(1) Unemployment benefits are too generous

Since the pandemic hit in 2020, Republicans and businesspeople have criticized expanded unemployment insurance — inserted into March 2020’s CARES Act by Democrats in the House — as too generous. Although the $600 federal unemployment addition to weekly benefits expired last year, it was soon reinstated at $300 per week, which President Joe Biden’s $1.9 trillion stimulus extended through September 6.

This jobs report is being seized upon as evidence that the benefits are still too generous. The US Chamber of Commerce has already called for their cancelation in the wake of the April jobs numbers.

Toby Malara, government affairs counsel at the American Staffing Association, told Insider in February that while unemployment has been “paramount” in helping people during the pandemic, it’s important to find a balance that doesn’t disincentivize people from returning to work.

Mercatus economist Michael D. Farren said in a statement that April’s jobs report might actually be better than it looks on the surface, and that while “changes to unemployment insurance probably are reducing labor supply, but workers’ primary inhibition to seeking employment is likely still COVID-19. But if the employment statistics next month look similar to April, Congress may need to take unemployment insurance back to the drawing board.”

Two states, South Carolina and Montana, have already moved to end additional pandemic unemployment benefits. Montana is opting instead to give workers a $1,200 back to work bonus, according to CNN.

But liberal economists — and the president — disagree with that assessment of UI. When asked at a Friday press briefing if enhanced UI bonus benefits were slowing down the return to work, President Joe Biden said: “No, nothing measurable.”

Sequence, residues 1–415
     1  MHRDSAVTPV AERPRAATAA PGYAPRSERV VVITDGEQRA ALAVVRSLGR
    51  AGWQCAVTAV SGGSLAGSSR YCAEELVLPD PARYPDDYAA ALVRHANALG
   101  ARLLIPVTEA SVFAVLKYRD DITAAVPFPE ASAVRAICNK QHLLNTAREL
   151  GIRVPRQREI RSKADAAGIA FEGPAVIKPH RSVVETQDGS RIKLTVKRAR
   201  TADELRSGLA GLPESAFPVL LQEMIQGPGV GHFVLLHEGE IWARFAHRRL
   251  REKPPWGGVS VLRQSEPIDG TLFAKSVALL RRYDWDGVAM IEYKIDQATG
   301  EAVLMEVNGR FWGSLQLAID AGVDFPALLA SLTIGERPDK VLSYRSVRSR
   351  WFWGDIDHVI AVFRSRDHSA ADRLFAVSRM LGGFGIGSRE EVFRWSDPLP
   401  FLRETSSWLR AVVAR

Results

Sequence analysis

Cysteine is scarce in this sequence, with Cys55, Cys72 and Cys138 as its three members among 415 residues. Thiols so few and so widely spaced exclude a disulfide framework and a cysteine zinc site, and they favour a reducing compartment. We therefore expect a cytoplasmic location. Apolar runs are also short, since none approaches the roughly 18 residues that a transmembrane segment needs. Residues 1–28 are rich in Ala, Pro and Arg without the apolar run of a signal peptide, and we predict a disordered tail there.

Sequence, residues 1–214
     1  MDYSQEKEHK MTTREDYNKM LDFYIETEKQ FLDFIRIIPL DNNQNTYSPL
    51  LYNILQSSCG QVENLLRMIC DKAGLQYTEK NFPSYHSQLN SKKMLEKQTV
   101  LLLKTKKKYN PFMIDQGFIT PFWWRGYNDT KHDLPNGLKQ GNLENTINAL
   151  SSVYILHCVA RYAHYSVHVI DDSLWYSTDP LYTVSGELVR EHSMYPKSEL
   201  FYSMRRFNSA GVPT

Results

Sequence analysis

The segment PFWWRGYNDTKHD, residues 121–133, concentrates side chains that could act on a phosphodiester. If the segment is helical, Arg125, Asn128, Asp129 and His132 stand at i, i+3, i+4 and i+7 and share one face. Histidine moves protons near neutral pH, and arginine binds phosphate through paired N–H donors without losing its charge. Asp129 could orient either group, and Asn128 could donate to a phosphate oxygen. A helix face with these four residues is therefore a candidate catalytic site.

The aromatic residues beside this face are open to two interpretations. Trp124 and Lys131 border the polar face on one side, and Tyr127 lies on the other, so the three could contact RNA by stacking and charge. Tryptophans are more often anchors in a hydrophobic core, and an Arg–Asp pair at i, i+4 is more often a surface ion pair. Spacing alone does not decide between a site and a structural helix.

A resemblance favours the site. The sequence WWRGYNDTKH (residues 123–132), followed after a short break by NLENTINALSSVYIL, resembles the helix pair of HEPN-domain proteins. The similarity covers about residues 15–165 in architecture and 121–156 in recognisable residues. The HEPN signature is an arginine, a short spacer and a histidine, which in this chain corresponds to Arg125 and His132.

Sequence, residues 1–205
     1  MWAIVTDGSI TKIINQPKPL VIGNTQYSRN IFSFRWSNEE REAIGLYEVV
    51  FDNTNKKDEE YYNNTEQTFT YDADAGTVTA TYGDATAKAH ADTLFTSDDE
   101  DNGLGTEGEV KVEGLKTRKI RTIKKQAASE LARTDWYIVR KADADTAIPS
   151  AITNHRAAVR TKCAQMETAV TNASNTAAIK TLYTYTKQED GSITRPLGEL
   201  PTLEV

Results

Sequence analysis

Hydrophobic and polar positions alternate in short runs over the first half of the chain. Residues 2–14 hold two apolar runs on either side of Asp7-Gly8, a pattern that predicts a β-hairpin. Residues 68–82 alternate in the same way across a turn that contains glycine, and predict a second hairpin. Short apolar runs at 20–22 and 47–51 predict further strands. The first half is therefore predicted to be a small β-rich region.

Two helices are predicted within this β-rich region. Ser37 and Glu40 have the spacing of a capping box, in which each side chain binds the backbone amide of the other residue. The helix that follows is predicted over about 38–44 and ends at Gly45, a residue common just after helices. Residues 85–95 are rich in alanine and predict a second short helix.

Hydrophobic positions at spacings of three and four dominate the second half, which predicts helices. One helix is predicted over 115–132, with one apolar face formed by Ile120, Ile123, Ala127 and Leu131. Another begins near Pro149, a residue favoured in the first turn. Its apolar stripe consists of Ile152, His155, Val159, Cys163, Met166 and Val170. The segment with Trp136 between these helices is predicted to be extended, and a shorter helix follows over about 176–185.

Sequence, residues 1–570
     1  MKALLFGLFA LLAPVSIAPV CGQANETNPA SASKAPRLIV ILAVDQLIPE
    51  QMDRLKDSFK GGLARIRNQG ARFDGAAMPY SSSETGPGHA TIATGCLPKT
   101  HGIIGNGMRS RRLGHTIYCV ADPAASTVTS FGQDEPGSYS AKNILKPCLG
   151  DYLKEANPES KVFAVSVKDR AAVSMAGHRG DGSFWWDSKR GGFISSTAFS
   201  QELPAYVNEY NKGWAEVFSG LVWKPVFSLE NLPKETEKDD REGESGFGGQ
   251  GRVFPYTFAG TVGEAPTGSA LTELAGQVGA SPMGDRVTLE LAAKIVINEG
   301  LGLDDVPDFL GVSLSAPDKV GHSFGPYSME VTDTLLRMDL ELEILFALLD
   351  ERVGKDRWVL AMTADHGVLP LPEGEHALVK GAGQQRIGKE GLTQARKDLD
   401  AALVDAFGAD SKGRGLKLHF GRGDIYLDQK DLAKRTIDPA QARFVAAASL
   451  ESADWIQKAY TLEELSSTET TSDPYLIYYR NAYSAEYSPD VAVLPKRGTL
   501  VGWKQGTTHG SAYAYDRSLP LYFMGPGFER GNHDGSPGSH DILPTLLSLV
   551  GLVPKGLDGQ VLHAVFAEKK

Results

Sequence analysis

Later on Friday, Sen. Bernie Sanders wrote on Twitter that “We don’t need to end $300 a week in emergency unemployment benefits that workers desperately need. We need to end starvation wages in America. If $300 a week is preventing employers from hiring low-wage workers there’s a simple solution: Raise your wages. Pay decent benefits.”

(2) Women are being employed at lower rates

Overall, 165,000 women ages 20 and over left the labor force in April. Unemployment rates for Black and Latina women also remain elevated.

“If you added all of the women who’ve dropped out of the labor force since February 2020, the unemployment rate for women would be 8.1%, instead of 5.6%,” Jasmine Tucker, the director of research at the National Women’s Law Center, told Insider on Friday.

According to a Friday press release from the NWLC, it would take women 28 months to reach pre-pandemic — and that doesn’t account for potential population growth and more women graduating into the labor market.

Tucker said the April report underscores the need for more affordable and accessible childcare, as unemployed parents — especially mothers — contend with mixed reopenings and wanting to keep themselves and their families safe.

“While we’re reopening very expensive childcare centers, there’s going to be a mismatch there of who’s going to be able to afford to go back to work,” Tucker said.

(3) There are too many temporary layoffs

Counterintuitively, layoffs were unexpectedly high in the report, signaling companies are still struggling despite widespread evidence and expectations of an economic boom in 2021.

Approximately 2.1 million people said their pandemic unemployment was temporary in April.

That number is up from 2 million in March, both much higher than the 700,000 pre-crisis low and much lower than the pandemic-era peak of 18 million.

These temporary layoffs could make it harder for people to return to work, especially those with health concerns, that worry about getting sick should they choose to work again. This, accompanied by workers holding out for higher wages amidst large companies raising their minimum wages, could contribute to the poor jobs report.

(4) Seasonal adjustments could be off

Finally, a wonky explanation could account for some of the drop in job-gains data.

Seasonal adjustments measure and remove influences of seasonal patterns, like weather and holidays, to reveal how employment and unemployment change from month to month. Chris Rugaber, economy reporter for the Associated Press, flagged on Twitter that economists have noted potential seasonal adjustment issues: Non-seasonally adjusted jobs rose by about 1.1 million, showing that seasonally adjusting the data could be obscuring the true number of gains.